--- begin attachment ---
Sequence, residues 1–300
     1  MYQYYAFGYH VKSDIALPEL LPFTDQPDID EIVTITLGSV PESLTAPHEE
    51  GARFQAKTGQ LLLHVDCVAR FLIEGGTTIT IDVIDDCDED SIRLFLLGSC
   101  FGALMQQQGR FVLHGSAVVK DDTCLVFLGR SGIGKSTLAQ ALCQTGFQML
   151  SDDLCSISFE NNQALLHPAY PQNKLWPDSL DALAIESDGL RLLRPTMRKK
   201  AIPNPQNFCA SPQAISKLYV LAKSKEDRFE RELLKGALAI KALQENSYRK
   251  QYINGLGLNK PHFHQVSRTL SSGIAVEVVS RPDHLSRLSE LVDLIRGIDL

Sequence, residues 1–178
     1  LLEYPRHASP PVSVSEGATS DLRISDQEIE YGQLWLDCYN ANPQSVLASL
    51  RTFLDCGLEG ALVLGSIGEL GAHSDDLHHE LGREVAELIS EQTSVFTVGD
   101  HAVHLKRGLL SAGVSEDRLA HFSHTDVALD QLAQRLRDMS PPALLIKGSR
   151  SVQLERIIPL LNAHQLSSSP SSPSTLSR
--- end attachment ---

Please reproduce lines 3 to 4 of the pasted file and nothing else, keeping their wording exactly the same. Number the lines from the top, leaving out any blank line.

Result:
    51  GARFQAKTGQ LLLHVDCVAR FLIEGGTTIT IDVIDDCDED SIRLFLLGSC
   101  FGALMQQQGR FVLHGSAVVK DDTCLVFLGR SGIGKSTLAQ ALCQTGFQML